The two Montana Job Corps centers have consistently been among the top performing centers in the country, Casterson said. Of the 125 centers in the nation, Anaconda placed eighth and Trapper Creek is currently 11th.
The centers receive an annual report card. Thirty percent of it is weighed on how students fare while at the centers, which includes earning a high school diploma, completing technical training and improving math and reading skills.
The remaining 70% of the report card focuses on what those things did for them, including getting a job in the trade for which they were trained, and long-term outcomes.
“It’s not my job and we’re not funded to give people a high school diploma,” Casterson said. “I’m not funded to train them. I’m funded and I’m paid to change people’s course in life. To me, while it may be important that they get a diploma and learn a trade, but what’s more important is did it matter.
“I think there is proof out there that it matters,” he said. “These folks have been, up to the time when they enter our program, a burden on the American taxpayer. They are living in poverty, which qualifies them for food stamps, welfare and all those assistance programs.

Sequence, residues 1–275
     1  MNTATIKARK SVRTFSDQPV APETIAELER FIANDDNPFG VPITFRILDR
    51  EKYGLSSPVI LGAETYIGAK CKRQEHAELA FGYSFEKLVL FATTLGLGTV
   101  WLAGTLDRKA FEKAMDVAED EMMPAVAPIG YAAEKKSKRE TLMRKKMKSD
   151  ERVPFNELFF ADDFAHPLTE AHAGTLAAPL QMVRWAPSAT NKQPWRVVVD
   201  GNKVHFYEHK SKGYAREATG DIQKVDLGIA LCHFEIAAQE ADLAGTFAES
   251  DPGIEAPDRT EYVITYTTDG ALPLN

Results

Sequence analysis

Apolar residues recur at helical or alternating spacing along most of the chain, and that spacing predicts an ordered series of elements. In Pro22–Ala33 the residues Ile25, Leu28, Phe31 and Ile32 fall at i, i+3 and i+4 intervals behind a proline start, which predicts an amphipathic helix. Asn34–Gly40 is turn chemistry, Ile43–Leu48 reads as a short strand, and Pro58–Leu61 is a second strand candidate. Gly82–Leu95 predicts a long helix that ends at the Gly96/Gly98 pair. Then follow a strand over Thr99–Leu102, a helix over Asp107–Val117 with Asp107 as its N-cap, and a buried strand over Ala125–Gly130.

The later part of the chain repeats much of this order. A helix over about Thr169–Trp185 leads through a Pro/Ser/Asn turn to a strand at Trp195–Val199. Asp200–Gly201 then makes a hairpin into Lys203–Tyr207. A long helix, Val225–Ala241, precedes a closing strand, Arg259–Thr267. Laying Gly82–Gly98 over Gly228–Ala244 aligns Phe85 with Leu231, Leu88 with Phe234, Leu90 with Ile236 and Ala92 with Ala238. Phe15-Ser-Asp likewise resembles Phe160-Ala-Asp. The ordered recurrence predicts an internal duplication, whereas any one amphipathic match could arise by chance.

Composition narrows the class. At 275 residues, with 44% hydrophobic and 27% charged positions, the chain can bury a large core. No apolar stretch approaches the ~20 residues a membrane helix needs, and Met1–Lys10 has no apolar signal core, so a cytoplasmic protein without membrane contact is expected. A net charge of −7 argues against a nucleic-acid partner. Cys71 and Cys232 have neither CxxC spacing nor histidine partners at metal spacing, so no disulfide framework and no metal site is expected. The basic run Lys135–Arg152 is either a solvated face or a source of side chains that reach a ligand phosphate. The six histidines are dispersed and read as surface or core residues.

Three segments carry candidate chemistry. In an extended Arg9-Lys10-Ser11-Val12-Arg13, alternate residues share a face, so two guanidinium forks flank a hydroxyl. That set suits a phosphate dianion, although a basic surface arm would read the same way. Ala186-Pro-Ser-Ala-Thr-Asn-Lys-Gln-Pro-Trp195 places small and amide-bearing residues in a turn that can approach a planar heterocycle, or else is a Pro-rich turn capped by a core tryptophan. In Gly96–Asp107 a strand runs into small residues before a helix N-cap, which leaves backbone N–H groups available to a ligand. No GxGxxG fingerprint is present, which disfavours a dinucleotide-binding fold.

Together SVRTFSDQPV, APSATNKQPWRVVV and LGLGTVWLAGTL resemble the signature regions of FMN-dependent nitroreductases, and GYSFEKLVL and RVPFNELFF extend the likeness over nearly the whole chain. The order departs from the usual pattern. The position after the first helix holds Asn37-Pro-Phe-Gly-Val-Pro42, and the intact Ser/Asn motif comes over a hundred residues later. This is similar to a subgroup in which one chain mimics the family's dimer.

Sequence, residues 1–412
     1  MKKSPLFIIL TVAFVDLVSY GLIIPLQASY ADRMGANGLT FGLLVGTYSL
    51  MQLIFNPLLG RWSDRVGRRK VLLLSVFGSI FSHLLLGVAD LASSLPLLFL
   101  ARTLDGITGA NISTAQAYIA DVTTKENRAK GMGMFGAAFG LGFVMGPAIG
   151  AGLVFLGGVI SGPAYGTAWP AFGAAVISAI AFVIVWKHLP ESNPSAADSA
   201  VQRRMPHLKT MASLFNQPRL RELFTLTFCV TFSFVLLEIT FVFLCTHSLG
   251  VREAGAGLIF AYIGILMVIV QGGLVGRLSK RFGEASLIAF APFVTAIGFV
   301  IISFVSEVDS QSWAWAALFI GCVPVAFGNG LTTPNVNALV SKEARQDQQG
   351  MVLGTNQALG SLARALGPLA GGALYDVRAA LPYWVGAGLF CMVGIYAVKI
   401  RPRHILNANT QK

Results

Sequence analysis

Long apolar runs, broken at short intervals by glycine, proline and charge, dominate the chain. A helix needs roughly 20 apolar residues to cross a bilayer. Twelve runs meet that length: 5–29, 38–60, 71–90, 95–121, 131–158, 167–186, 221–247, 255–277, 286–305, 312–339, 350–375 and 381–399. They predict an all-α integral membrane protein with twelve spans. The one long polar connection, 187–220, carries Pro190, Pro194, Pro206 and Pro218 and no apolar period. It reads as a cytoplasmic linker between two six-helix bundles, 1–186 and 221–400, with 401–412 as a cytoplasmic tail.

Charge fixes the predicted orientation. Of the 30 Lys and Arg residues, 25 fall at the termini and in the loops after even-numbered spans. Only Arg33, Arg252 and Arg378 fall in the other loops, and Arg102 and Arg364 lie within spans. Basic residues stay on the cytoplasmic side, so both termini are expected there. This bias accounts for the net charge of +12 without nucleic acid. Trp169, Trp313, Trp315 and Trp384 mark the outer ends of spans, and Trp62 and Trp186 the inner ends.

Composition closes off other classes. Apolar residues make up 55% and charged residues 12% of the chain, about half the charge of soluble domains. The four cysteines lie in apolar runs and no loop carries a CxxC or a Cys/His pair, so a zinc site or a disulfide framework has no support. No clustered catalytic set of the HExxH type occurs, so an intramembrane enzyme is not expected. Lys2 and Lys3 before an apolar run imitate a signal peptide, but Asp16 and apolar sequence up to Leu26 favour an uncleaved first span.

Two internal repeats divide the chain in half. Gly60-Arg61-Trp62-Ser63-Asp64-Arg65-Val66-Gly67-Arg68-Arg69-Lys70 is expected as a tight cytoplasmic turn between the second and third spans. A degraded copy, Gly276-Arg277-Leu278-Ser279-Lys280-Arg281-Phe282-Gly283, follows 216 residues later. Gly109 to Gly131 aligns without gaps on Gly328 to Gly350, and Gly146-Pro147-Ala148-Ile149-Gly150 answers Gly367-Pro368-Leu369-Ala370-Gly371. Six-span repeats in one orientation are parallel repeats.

“Not every student makes it through Job Corps,” Casterson said. “We hold a high standard. If you’re not earning your paycheck, you’re not going to make it through Trapper Creek. For those students who make it, 95% are placed in jobs aligned with their trade. I have students walking out of here who are 18 years old and making $20-plus an hour, plus benefits, as a mason, where two years before that they were headed nowhere.”
On Thursday, 20-year-old Robert Walters from Colorado, took a brief break from leading groups of second-graders at the Daly Elementary field day to talk about his journey at Trapper Creek. He’s been there four weeks and already begun to change the way he views his world.
“I was in a really bad place before, but now I feel like I’ve been given a second chance,” Walters said. “I didn’t have the knowledge or the skills to help myself. I’ve already learned a lot that’s going to help me and my family too.”
Walters said he’s not really sure what to expect over the next couple of months following last Friday’s announcement.
“But I feel like now whatever happens, I will be able to face it now,” he said. “I’ll take what Trapper showed me to whatever other place I might end up. For me, Trapper is going to be the place I call home forever. It’s always going to be with me.”